4. The City of Toronto would finally be able to afford the serious infrastructure that it needs to support the volume of people that have moved into town in recent years – mainly to benefit from absurdly low property tax rates.

Higher regional / rural property taxes are not the answer to Ontario’s tax issues.  Cutting spending is the answer, followed by more realistic taxes on Toronto.

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Want Cheaper/Better Hip Tickets? Change The Tax Law

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Over the last few months, a significant amount of ‘ink’ has been spilled concerning the unfortunate health of Gord Downie, lead singer of the Tragically Hip, the band’s last Canadian tour and the subsequent resulting lack of reasonably-priced tickets for fans.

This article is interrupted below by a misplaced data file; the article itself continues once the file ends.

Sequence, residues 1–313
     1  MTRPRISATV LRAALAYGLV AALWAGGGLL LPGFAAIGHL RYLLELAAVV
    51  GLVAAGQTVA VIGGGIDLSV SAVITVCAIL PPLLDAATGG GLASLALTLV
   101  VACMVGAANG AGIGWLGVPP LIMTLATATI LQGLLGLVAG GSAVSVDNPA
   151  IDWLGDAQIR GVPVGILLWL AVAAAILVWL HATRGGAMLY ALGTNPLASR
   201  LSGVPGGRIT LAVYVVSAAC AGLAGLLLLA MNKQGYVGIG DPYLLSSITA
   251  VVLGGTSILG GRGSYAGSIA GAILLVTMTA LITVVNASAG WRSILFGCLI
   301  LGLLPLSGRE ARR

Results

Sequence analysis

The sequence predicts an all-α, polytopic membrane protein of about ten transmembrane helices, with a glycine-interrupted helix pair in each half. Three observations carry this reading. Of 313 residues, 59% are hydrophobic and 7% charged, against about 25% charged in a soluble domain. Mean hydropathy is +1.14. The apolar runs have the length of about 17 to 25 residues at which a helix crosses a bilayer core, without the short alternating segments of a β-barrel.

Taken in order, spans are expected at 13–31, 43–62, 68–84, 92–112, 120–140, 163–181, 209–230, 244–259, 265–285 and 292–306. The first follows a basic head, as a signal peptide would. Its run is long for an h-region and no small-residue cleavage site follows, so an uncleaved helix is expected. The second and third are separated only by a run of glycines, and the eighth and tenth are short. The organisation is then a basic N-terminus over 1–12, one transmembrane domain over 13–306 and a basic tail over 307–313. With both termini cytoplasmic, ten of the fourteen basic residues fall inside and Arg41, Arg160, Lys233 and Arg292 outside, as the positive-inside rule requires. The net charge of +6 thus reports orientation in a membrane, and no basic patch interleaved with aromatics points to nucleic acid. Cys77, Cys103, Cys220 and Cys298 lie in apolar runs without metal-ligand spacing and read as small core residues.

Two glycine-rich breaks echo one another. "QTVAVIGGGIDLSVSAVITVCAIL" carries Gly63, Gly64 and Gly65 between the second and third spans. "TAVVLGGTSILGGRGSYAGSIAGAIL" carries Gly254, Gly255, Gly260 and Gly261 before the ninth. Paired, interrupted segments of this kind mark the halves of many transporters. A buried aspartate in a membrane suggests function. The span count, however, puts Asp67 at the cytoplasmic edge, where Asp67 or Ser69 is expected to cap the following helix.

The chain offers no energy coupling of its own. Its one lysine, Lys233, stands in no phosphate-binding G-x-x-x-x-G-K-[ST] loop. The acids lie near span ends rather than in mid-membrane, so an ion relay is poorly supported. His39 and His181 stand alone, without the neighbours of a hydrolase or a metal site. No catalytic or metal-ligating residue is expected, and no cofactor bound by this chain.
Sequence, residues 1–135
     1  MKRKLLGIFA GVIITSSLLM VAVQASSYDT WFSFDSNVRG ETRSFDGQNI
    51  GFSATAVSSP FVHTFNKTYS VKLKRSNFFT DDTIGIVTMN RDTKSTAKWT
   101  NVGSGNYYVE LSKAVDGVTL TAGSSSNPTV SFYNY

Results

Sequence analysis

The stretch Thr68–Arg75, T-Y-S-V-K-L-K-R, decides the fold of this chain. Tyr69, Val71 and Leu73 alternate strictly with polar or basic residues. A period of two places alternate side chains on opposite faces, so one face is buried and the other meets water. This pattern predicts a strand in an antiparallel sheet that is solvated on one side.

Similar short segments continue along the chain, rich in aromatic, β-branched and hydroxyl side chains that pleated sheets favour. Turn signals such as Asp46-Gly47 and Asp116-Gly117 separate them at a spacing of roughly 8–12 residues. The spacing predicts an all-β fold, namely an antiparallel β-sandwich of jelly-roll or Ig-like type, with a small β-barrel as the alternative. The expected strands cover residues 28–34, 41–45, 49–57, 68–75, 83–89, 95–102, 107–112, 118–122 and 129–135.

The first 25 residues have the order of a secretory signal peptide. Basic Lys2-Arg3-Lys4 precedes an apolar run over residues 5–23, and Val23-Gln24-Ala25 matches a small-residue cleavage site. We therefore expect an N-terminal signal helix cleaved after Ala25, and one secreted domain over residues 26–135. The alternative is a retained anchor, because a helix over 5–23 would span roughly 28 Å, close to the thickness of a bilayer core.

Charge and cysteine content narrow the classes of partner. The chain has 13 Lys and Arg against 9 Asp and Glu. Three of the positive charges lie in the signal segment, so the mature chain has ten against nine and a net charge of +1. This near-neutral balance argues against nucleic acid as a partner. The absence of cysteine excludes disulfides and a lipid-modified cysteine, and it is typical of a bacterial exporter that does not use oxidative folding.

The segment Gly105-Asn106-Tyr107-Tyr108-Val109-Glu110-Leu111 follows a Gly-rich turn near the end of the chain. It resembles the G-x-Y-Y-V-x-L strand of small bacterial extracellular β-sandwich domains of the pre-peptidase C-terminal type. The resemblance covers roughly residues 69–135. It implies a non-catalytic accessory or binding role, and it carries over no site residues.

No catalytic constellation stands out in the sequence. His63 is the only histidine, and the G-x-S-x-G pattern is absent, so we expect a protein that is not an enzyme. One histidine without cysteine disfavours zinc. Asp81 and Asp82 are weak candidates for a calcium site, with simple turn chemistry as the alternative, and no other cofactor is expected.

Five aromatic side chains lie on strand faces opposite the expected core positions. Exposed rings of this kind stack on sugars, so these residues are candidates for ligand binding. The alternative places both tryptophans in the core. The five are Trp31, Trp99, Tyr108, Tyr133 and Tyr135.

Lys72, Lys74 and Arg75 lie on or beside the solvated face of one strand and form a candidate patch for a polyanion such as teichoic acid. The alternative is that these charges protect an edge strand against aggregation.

I checked our local venue and prices have been bid up anywhere from 4 to 20 times a normal price that might have been charged for the Hip just a couple of years ago.

I love the HIp, but it’s hard to stomach spending $500 or $1,000 on a night out to enjoy a band that I’ve seen at least half a dozen times.

But I know who WILL be seeing the Hip:  the corporate types with lots of tickets available for clients from box seats to front-row gawking opportunities and everything in between.

How does this happen?

The deduction of entertainment expenses for corporate tax returns.

Every year, any company can deduct 50% of any expenses related to entertainment of clients.  This includes box seats and other tickets for sporting and music events, along with other events related to entertainment (dining, wine, etc etc etc).